July 15, 2024

Sunn 0))) & Ulver – Terrestrials


Best known for ridiculously loud gigs, SUNN O))) make the odd record, too and lately they have started to experiment with bits of acoustic sound. Ulver’s journey has been one from extreme noise to acoustic instruments, so this pairing was full of potential for something out of the ordinary for both.

Starting with ideas born in 2008 in an all-night improvisation session, the bands made a set of three songs. It’s a bare thirty-five minutes and could easily carry much more. Then again, you can set it on repeat…….. The bands recorded these briefly then Ulver worked them over for polish. They added string and horns and tweaked and fiddled. For years, And years. And years. Before dispatching them here after someone prised them out of their perfectionist hands. Speaking of the work, Stephen O’Malley said; “I remember the vibe in the room back then was more raga than it was rock. And despite the fact that the walls were literally shaking from volume, it was actually quite a blissed out, psychedelic session. I wanted to preserve that vibe in the final mix.”

In the opener, the twelve minute Let There Be Light, they build layers on a semi-static landscape of desolation recalling, somehow, the outer space of the live improv of Pink Floyd playing something like Set The Controls For The Heart Of The Sun as well as the lonely cornet of Throbbing Gristle’s Heathen Earth. Naturally, things broaden and deepen as the drums roil and coil and the horns start to break repeatedly, like a cold, dead sea.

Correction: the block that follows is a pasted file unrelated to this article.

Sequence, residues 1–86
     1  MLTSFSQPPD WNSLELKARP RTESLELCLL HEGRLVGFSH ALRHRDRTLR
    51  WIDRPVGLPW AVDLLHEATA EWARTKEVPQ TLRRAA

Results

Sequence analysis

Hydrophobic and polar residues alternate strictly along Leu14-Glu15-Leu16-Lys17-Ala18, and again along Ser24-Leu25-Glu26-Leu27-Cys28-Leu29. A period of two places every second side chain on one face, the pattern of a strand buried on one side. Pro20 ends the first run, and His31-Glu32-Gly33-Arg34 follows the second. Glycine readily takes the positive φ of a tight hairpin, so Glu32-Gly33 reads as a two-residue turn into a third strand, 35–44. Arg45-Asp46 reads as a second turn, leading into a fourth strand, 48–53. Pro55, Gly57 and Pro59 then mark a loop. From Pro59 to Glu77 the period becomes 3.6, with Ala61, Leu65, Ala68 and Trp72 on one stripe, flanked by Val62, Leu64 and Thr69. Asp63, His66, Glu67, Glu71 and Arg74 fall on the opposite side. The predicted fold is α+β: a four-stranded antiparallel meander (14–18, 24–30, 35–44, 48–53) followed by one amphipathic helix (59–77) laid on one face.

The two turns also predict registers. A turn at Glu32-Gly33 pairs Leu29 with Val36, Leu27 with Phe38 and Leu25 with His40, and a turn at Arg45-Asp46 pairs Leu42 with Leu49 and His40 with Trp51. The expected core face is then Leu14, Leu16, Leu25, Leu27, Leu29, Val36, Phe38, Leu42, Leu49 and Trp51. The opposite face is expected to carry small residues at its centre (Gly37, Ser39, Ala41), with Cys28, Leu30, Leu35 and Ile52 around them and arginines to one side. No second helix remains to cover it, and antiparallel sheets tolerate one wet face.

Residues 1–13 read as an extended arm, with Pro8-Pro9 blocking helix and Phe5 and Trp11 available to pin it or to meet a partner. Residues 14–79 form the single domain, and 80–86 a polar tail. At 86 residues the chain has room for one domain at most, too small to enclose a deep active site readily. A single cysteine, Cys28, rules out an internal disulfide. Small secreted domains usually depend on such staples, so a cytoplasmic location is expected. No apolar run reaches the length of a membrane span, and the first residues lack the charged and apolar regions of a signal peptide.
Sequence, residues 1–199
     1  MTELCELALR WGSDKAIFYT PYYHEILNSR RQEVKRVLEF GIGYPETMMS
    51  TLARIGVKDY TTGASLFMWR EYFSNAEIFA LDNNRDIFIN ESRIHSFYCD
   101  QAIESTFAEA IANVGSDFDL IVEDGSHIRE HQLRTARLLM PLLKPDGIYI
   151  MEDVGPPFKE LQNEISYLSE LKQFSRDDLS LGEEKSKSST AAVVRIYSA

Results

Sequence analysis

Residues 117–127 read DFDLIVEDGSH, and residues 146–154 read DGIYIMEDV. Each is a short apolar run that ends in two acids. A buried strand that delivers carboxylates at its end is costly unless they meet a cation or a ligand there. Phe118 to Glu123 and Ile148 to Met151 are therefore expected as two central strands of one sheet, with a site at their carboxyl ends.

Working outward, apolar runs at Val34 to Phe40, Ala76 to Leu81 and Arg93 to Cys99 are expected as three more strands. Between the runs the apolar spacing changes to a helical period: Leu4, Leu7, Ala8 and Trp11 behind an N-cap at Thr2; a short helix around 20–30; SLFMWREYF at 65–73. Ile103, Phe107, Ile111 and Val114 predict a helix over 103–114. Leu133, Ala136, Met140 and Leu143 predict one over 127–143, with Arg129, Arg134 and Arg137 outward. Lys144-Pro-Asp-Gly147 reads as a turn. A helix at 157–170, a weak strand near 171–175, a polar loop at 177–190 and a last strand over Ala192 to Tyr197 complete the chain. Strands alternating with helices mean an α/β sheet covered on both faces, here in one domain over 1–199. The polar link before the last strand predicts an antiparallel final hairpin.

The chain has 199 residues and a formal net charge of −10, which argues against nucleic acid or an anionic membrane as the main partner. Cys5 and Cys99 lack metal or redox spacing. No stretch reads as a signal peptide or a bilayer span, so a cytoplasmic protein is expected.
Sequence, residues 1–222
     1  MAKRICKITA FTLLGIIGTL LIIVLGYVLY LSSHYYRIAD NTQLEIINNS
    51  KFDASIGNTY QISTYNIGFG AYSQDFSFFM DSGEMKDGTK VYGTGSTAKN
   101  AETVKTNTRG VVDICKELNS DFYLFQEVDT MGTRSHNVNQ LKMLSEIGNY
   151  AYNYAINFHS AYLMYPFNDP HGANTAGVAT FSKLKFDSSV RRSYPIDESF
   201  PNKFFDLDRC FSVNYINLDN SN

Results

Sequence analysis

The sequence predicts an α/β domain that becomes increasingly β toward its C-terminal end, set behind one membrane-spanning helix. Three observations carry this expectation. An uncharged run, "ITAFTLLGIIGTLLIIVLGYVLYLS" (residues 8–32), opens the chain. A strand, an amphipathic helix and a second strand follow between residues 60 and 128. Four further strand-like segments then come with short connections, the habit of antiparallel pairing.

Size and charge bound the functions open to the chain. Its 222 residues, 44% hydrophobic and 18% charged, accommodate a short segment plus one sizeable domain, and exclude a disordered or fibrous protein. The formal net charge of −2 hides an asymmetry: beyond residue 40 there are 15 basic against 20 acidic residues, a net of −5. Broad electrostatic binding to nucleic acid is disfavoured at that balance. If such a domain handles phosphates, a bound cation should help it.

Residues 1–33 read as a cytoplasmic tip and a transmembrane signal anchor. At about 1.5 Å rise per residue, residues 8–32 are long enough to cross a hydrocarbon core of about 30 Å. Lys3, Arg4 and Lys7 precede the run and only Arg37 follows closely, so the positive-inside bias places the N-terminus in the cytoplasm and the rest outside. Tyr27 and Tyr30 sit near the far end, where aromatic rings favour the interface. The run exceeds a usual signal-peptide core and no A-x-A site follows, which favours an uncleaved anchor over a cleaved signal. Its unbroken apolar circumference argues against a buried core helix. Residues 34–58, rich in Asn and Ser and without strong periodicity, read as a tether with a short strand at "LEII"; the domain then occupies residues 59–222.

Western Horn rides a thrub of bass feedback, adding layer on layer of ringing overload, strings and effects for ten hypnotic minutes.

Eternal Return is terribly sad as distant distorted instruments carry an ancient melody behind a more modern conventional one. Bell-like keyboards offer replies to broken but lingering guitar figures and cracked lines of understanding. A Phillip Glass ostinato arrives and brings some vocals before disappearing again to leave rumbling, squeaky wheels, low aspects of what might have once been chant, before finding its way back through the door it came in.

It’s a short journey but a world of experience. Recommended to psychonauts who visit the outer edges of the sonic world.


Ross McGibbon


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